Well stimulation

Well stimulation

Well stimulation is a well intervention performed on an oil or gas well to increase production by improving the flow of hydrocarbons from the drainage area into the well bore.

Cleaning the formation

The assortment of chemicals pumped down the well during drilling and completion can often cause damage to the surrounding formation by entering the reservoir rock and blocking the pore throats (the channels in the rock throughout which the reservoir fluids flow). Similarly, the act of perforating can have a similar effect by jetting debris into the perforation channels. Both these situations reduce the permeability in the near well bore area and so reduce the flow of fluids into the well bore.

A simple and cheap solution is to pump chemicals from surface into the well to dissolve the offending material. Once dissolved, permeability should be restored and the reservoir fluids will flow into the well bore, cleaning up what is left of the damaging material. After initial completion, it is common to use concentrated formic acid to clean up any mud and skin damage. In this situation, the process is called acidising.

In more serious cases, pumping from surface is insufficient as it does not target any particular location downhole and reduces the chances of the chemical retaining its effectiveness when it gets there. In these cases, it is necessary to spot the chemical directly at its target through the use of coiled tubing. Coiled tubing is run in hole with a jetting tool on the end. When the tool is at its target, the chemical is pumping through the pipe and it jetted directly onto the damaged area. This can be more effective than pumping from surface, though it is much more expensive, and accuracy is dependent on knowing the location of the damage.

Extending the perforation tunnels and fractures

In cased hole completions, perforations are intended to increase the surface area for reservoir fluids to enter the well bore by creating small tunnels extending out from the well into the reservoir rock (similar to villi in the small intestine). In many cases, the tunnels created by the perforation guns do not provide optimal surface area and it becomes desirable to extend them.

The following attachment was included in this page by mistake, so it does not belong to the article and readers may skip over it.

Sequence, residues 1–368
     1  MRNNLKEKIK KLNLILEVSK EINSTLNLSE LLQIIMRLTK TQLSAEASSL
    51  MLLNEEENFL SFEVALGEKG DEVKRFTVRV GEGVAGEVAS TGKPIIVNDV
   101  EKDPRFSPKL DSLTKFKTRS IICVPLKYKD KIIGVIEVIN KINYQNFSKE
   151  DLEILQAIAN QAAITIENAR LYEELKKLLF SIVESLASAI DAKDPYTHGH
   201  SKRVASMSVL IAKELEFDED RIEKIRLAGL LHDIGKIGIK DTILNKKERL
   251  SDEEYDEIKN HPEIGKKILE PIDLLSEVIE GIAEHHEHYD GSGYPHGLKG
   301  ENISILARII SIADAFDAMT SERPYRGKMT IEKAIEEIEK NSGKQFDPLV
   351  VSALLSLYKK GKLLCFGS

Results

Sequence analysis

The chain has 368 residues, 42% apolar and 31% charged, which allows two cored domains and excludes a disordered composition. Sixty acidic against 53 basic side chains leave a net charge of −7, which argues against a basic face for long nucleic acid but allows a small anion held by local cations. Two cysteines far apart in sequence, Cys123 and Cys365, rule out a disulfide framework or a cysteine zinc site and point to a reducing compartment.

This could be because damage caused by drilling and completion operations was so severe it irreperably reduced the permeability of the surrounding rock. This means that the ability of fluids to flow into the existing tunnels is too limited. The only way to get around this is to extend the perforation tunnels further beyond the damaged zone where fluids have easier access.

Alternatively, this could be because natural decline in a tight reservoir after many months or years of production. If permeability is naturally low, then as fluid is drained from the immediate area, replacement fluid may not flow into the void sufficiently quickly to make up for the voidage and so the pressure drops. If the pressure drops, then the well cannot flow at such a high rate. In this case, extending the perforation tunnels deeper into the reservoir will allow them to reach less drained parts.

The act of extending perforation tunnels is called fracturing or commonly 'fracing'. It is performed by releasing high pressure fluids into the perforation tunnels to cause the formation to fracture. This can either be done by injecting hydraulic fluid from surface, a process called hydraulic fracturing or using an explosive to generate a high speed gas flow, a process called propellent stimulation.

Lifting the well

Some stimulation techniques do not necessarily mean altering the permeability outside the well bore. Sometimes they involve making it easier for fluids to flow up the well bore having already entered. Gas lift is sometimes considered a form of stimulation, particularly when it is only used for starting up the well and shut off during steady state operation. More commonly though, lifting as a stimulation refers to trying to lift out heavy liquids that have accumulated at the bottom, either through water entry from the formation or through chemicals injected from surface such as scale inhibitors and methanol (hydrate inhibitor). These liquids sit at the bottom of the well as can act as a weight holding back the flow of reservoir fluids, essentially acting to kill the well. They can be removed by circulating nitrogen using coiled tubing.

ee also

*Well intervention
*Well kill
*Oil reservoir

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